To the surprise of no one, the San Jose Earthquakes passed in Stage One of the MLS Re-Entry process last week and didn’t pick up the wholesale contract rights to any of the discarded players among the list. The Quakes will get another crack at most of those same players available this Friday in Stage Two, but with the added flexibility of being able to negotiate new terms to their MLS contracts.
However, should San Jose go ahead and pass in Stage Two as well? Are there any players on the list that general manager John Doyle and head coach Frank Yallop should consider entering with into contract negotiations? Quite simply, the answer is "no."
Sure, some former Earthquakes populate the list — for the obvious reason that at their current salary expectations were considered superfluous to the roster — and some other intriguing players from around the league also found their path to "free agency" via this grand experiment in player redistribution (MLS is single entity, so the fact that a mechanism exists for the quasi-free movement of players among teams is a curio remnant from the previous round of Collective Bargaining between the league and the players’ union, and the whole process is likely to be overhauled during the next set of negotiations), but why not wait until those targets truly become free?
Selection via the Re-Entry process requires a team to offer the player a bona-fide contract offer — parameters for such have never been sufficiently spelled out — that if not accepted still shackles the player’s contract rights with the selecting club. Want to play for another team, and the player will have to hope his rights get traded. Being selected via the process is in some way an anti-free agency ordeal for such players, and potentially retirement is the only way to truly become free again.
Has it happened before? At the end of the 2011 season, Earthquakes defender Chris Leitch was not invited back to San Jose at his current contract rate, and so he elected to enter the Re-Entry process. After being passed over in Stage One — only three players were selected league-wide — Leitch was selected by the LA Galaxy in Stage Two. With his player rights now in the possession of Bruce Arena, Leitch waited to receive a qualifying offer, declined said offer, and announced his retirement from MLS. Fortunately for the Quakes fan favorite, Leitch had a soft landing back in San Jose, where starting early this year, he became the technical director of Earthquakes Youth Academy.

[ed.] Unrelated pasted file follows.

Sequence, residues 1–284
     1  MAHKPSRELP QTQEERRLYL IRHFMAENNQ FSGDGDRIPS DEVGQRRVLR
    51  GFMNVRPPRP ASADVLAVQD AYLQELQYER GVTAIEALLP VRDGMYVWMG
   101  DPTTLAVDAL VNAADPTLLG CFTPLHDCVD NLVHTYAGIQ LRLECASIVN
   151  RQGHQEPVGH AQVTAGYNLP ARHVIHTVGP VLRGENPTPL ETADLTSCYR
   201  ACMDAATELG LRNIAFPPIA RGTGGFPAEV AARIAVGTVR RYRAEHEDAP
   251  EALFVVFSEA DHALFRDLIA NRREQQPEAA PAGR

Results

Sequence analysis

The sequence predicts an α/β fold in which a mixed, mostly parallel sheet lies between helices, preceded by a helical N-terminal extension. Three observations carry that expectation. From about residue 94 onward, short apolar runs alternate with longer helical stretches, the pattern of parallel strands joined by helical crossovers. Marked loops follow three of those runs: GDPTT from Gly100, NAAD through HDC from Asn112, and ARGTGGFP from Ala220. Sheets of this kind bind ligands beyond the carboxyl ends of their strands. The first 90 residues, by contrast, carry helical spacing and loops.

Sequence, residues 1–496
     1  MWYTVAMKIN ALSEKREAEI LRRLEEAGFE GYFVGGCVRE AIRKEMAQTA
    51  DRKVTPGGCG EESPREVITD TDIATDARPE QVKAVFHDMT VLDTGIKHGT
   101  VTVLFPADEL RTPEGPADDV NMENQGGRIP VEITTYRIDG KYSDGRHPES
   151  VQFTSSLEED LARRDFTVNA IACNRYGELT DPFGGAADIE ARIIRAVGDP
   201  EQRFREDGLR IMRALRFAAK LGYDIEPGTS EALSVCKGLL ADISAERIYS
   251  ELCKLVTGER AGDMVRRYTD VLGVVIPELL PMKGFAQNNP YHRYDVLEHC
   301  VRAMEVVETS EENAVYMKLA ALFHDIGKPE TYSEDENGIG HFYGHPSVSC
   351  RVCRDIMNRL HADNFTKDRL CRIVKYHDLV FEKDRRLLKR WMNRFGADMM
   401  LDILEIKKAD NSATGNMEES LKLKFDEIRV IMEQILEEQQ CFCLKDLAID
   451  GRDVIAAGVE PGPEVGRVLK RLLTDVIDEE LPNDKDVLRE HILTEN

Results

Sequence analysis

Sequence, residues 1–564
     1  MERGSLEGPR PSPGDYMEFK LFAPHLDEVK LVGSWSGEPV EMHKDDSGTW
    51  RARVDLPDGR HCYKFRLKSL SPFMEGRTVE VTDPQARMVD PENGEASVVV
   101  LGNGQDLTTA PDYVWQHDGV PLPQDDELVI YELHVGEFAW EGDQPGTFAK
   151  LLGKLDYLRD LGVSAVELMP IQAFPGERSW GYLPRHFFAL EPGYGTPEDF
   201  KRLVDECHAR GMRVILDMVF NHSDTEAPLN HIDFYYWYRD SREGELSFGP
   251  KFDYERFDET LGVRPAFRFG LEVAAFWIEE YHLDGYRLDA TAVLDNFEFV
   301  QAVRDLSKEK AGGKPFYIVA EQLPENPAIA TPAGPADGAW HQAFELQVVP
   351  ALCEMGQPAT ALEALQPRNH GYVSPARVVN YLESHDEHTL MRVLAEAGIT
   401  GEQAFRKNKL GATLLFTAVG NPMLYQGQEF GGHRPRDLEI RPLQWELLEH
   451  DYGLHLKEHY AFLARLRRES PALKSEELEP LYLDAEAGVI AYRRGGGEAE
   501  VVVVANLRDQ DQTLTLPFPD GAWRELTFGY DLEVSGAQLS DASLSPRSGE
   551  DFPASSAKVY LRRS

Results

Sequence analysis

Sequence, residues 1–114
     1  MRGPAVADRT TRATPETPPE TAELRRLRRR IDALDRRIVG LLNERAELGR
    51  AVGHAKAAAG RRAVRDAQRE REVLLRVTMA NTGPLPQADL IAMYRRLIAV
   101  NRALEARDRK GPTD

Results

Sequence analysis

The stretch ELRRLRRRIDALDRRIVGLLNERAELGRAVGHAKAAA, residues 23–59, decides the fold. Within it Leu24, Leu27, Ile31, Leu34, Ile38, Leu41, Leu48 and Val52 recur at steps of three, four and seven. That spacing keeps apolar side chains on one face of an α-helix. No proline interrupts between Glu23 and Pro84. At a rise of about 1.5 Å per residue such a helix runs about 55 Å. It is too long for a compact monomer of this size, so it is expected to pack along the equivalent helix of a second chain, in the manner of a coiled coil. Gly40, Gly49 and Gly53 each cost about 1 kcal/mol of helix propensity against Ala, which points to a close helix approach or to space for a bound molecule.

This year, another Quakes favorite awaits his fate via the process, as MLS Original and long-time team captain Ramiro Corrales is on offer in Friday’s Stage Two. The 2012 MLS All-Star has intimated for some time that he does not want to play for any other MLS club save San Jose, and team management has gone on record as stating that they’d like Corrales back with the club in 2013, though maybe not solely in a player’s role (the money’s on Rams being a player/coach for the Blue and Black next season). But Corrales, if he does not negotiate a new deal with the Quakes before the end of business Thursday, might find himself in the same scenario that Leitch did a year ago.
The likelihood that Corrales would be selected appears rather low; after all, a bona-fide offer to the fullback would likely approach the $150K mark (Corrales earned $183,875 last season according to figures released by the MLS Players Union), which is a lot to pay for a player of his age and presumed on-field impact. But what if another team takes a flier on Corrales in hopes of extracting something from the Quakes in a trade to return his player rights to San Jose? Would Doyle and Yallop play ball, or would they instead hasten Corrales’ path to retirement? Nothing would be more shameful than seeing the last standing player from the original 1996 season of MLS make his exit so quietly.
The Earthquakes still have a few days left to ensure that doesn’t happen — re-sign Corrales to a new contract before Friday’s Stage Two — and give the Captain a chance to leave the field on his own terms. He may not be a sure-fire starter anymore, but Corrales has proven he can still be very effective when called upon in a pinch. And if anyone wants to question his coaching and leadership skills, they are turning a blind eye to the mentoring he has provided such young players as Rafael Baca in becoming rising stars in MLS.
Does San Jose want to take a chance that, like Leitch the year before, Corrales will be scooped up in the Re-Entry process? Shouldn’t the man that defines what a home-grown player is all about get the on-field tribute he deserves? For Corrales and the Quakes faithful, the only way to answer that is with a resounding "yes!"